It’s lonely at the top. 99% of the world is convinced they are incapable of achieving great things, so they aim for the mediocre middle-ground. The level of competition is thus fiercest for “realistic” goals, paradoxically making them the most time- and energy-consuming. It is easier to raise $10,000,000 than it is $1,000,000. It is easier to pick up the one perfect 10 in the bar than the five 8s.

If you are insecure, guess what? The rest of the world is too. Do not overestimate the competition and underestimate yourself. You are better than you think.

Unreasonable and unrealistic goals are easier to achieve for yet another reason. 

Having an unusually large goal is an adrenaline infusion that provides the endurance to overcome the inevitable trials and tribulations that go along with any goal. Realistic goals, goals restricted to the average ambition level, are uninspiring and will only fuel you through the first or second problem, at which point you throw in the towel.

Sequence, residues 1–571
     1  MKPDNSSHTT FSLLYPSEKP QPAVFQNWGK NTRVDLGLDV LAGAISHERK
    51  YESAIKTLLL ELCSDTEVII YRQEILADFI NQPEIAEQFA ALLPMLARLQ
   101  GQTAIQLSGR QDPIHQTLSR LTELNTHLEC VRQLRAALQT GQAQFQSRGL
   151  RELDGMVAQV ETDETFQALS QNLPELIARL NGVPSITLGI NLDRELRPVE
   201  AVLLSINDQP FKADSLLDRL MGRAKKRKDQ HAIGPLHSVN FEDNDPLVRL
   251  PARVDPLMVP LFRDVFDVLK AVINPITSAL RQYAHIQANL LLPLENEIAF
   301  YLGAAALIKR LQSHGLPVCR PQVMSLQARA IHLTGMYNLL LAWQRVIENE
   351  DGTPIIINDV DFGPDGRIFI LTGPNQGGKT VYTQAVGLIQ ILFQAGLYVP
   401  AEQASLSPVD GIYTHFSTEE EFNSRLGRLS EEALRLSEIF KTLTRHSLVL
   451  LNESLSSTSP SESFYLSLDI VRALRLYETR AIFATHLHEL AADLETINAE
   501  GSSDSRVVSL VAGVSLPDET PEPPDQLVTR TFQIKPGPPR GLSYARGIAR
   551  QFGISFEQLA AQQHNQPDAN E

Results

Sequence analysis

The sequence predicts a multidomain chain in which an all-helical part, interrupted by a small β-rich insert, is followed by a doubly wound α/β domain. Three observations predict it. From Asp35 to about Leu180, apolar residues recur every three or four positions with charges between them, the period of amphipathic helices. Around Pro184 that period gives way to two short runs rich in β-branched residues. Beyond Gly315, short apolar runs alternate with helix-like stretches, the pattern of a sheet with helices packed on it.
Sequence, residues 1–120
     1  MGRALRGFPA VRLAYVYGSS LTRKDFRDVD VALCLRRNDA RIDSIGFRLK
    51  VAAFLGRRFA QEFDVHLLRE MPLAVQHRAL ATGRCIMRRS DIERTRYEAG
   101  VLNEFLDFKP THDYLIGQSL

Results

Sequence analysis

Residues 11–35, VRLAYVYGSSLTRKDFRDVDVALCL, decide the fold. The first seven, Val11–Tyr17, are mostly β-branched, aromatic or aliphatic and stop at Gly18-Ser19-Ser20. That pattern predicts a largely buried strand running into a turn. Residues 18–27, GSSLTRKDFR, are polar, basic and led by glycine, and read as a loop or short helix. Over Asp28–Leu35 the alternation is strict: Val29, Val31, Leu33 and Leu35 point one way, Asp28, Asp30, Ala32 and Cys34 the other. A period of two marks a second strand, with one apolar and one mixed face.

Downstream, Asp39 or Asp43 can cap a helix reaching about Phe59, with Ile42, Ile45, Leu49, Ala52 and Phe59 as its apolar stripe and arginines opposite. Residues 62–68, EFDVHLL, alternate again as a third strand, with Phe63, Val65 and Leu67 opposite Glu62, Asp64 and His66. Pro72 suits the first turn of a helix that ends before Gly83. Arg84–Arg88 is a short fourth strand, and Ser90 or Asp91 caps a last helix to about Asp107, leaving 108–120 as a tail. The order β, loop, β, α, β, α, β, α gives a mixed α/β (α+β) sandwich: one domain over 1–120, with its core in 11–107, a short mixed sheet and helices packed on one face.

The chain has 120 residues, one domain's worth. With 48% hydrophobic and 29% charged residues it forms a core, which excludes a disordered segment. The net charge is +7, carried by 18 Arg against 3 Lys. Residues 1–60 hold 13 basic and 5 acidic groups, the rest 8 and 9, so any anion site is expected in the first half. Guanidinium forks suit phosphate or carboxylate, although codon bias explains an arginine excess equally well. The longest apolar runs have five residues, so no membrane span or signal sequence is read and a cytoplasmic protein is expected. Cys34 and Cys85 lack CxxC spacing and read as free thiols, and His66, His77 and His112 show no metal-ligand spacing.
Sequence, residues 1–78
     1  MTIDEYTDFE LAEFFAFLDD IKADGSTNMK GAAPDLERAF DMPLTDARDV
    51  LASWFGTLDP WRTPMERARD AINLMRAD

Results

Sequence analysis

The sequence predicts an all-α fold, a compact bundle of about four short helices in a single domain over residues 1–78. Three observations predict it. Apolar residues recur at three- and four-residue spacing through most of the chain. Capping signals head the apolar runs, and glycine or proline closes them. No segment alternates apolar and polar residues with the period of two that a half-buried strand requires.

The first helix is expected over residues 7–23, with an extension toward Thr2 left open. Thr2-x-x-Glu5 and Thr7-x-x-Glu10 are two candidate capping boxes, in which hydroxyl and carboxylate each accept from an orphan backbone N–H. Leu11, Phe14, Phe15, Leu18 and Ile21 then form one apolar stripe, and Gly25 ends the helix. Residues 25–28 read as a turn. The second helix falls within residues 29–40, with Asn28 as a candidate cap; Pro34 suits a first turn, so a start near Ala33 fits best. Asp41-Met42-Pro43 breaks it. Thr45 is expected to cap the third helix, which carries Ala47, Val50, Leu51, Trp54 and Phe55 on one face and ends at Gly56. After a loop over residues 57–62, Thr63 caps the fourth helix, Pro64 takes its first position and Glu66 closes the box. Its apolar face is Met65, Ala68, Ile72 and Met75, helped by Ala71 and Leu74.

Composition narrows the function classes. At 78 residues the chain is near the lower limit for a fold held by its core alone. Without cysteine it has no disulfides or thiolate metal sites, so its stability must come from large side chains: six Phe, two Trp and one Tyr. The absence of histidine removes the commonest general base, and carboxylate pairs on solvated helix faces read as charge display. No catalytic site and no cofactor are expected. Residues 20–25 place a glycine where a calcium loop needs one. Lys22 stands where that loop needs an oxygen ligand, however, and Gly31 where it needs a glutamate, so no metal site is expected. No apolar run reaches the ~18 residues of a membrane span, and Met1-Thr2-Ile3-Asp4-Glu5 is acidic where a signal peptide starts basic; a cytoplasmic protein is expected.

Last week I said that if you do not work on important problems, you will not do important work. I must amend that statement to say that if you do not make big mistakes, you are not doing important work either. This is true for both individuals and organizations.

So the question is, how can you (and I) start screwing up more?

Comments

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I totally agree with this article. The problem is: what if you work in a culture that absolutely cannot tolerate mistakes of any kind? You're likely to be risking your job. When we come to expect perfection from people, we no longer allow the luxury of learning from our mistakes.

Very true, Shannon--many of us work in cultures where mistakes are frowned upon. But then I think we have to ask ourselves if this is the best organizational culture for our own growth and learning.